From the Archives: Expo ‘74
2014 marks the 40th anniversary of Expo ‘74, when Spokane hosted the World’s Fair, drawing 5.6 million visitors. It was the first environment-themed World’s Fair and was generally considered a resounding success. Take a look back at that one glorious summer of exhibitions, concerts, rides, famous faces and international visitors. President Richard Nixon, Gov. Dan Evans and Congressman Tom Foley opened the fair with speeches and 50,000 helium balloons on May 4, 1974.
Related story: Expo ’74-era butterflies to be saved in Riverfront Park
President Nixon speaks at the opening ceremonies of Expo ‘74.
T.J. the Clown, resident merrymaker at Expo‘74, jokes with Kim Perier of Spokane, at the entrance to Canada Island. Joining in the fun are three hostesses representing the Canadian participation in Expo ‘74. From left, Hazel Love of Edmonton, who works for the Alberta Amphitheater, Pat Neil of Nanaimo, who works at the Bristish Columbia Pavilion and Mary Quigley of Calgary who works for the federal participation.
These Expo ‘74 visitors probably won’t strike it rich panning for gold in the Folklife Festival area near the north bank off the Spokane River. But at least they have the Western tunes of Expo host Utah Phillips, center, of Ogden, to sooth their souls if their pans turn up gold flakes instead of giant nuggets in one of the most popular of the daily Expo attractions.
Crowd files past exhibits in the U.S. Pavilion at Expo ‘74 after watching the film in the IMAX theater recently. The theater under the the huge canopy, is one of three parts of the pavilion, with examples of how Americans pollute their environment, and explanation of how environmental damage is being combatted compromising the other two parts.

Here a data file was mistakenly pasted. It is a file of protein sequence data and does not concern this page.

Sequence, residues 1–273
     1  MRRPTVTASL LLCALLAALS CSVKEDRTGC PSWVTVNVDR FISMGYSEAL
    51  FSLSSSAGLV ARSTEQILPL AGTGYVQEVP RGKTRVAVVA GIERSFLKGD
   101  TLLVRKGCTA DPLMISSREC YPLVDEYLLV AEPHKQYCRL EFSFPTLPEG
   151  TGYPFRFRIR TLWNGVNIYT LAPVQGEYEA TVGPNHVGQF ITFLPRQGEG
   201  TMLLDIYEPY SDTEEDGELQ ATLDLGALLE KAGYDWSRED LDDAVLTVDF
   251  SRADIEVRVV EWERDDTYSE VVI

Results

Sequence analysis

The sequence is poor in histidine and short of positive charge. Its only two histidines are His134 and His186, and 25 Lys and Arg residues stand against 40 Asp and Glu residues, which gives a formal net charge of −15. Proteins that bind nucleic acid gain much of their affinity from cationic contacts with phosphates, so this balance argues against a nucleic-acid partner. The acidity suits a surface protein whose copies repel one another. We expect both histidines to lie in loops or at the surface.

Totem poles depict Canadian folklore.
Spokane’s sparkling world’s fair, was a special nighttime attraction for the six months. The fairgrounds are shown while the water ran high in the Spokane River bed.
Iran Pavilion at Expo prepares to honor Iran’s Ambassador. From left, Mrs. Faribandeh, Deputy Commissioner General K. Sheikh and Miss Fereshteh Malekzadeh.
The exterior of Korea’s Pavilion.
The Spokanes were a featured tribe recently at Expo’s Native American Earth, and Tribal members staged a mock wedding in the tribal tradition. The medicine man was Gibson Ely, left rear. The bride, center was Carol Sterns and the groom, right, was Mike Sayler. Several children took part in the ceremony that drew capacity crowds both times it was presented.
The many flowerbeds at Expo add splashes of color and beauty in every part of the grounds. Colors of the flowers are coordinated with the butterflies and directional guideposts to helpvisitors find their way around the fairgrounds. These yellow marigolds greet visitors at the nearby U.S. Pavilion and riders on the overhead Sky Float.
Expo grounds are seen from the 8th floor of the future Sheraton Spokane.
The flags in the photo include Republic of China (Taiwan), Canada, Washington State, Republic of South Korea, Montana, Republic of Philippines, Alberta, Federal Republic of Germany and Expo flags.
Children play in a designated play area at Expo.
And the site also offers tranquil perspectives—the Great Northern Tower and the Mormon Pavilion. July 19, 1974.
The Austrailian Pavilion’s special orchid display is in its final day today at the Expo ‘74 site. The flowers have been flown in to Spokane each day to keep the show fresh during the past several weeks. Shown admiring the blooms is Noel J. Flanagan, deputy commissioner general for Australia participation in Expo.
Mr. and Mrs. King Cole stand in front of flags at Expo ‘74.
Another of the many delights for Riverfront Park visitors will be this pedestrian bridge connecting Canada Island to the south bank of the Spokane River. During Expo ‘74, the footbridges on site gave fair visitors an unprecedented chance to look down on the water cascading over the rocks.
Mrs. Elsa Bryan points out flags on Primitive Art piece to Jack Geraghty, Expo official. Aug. 4, 1974.
A roller coaster at Expo ‘74.
As Expo workers frantically finish last-minute details prior to the Saturday opening, a preview shows towering totems adorning a section of the U.S. Pavilion. Apr. 30, 1974.
The clocktower at night with the U.S. Pavilion in the background.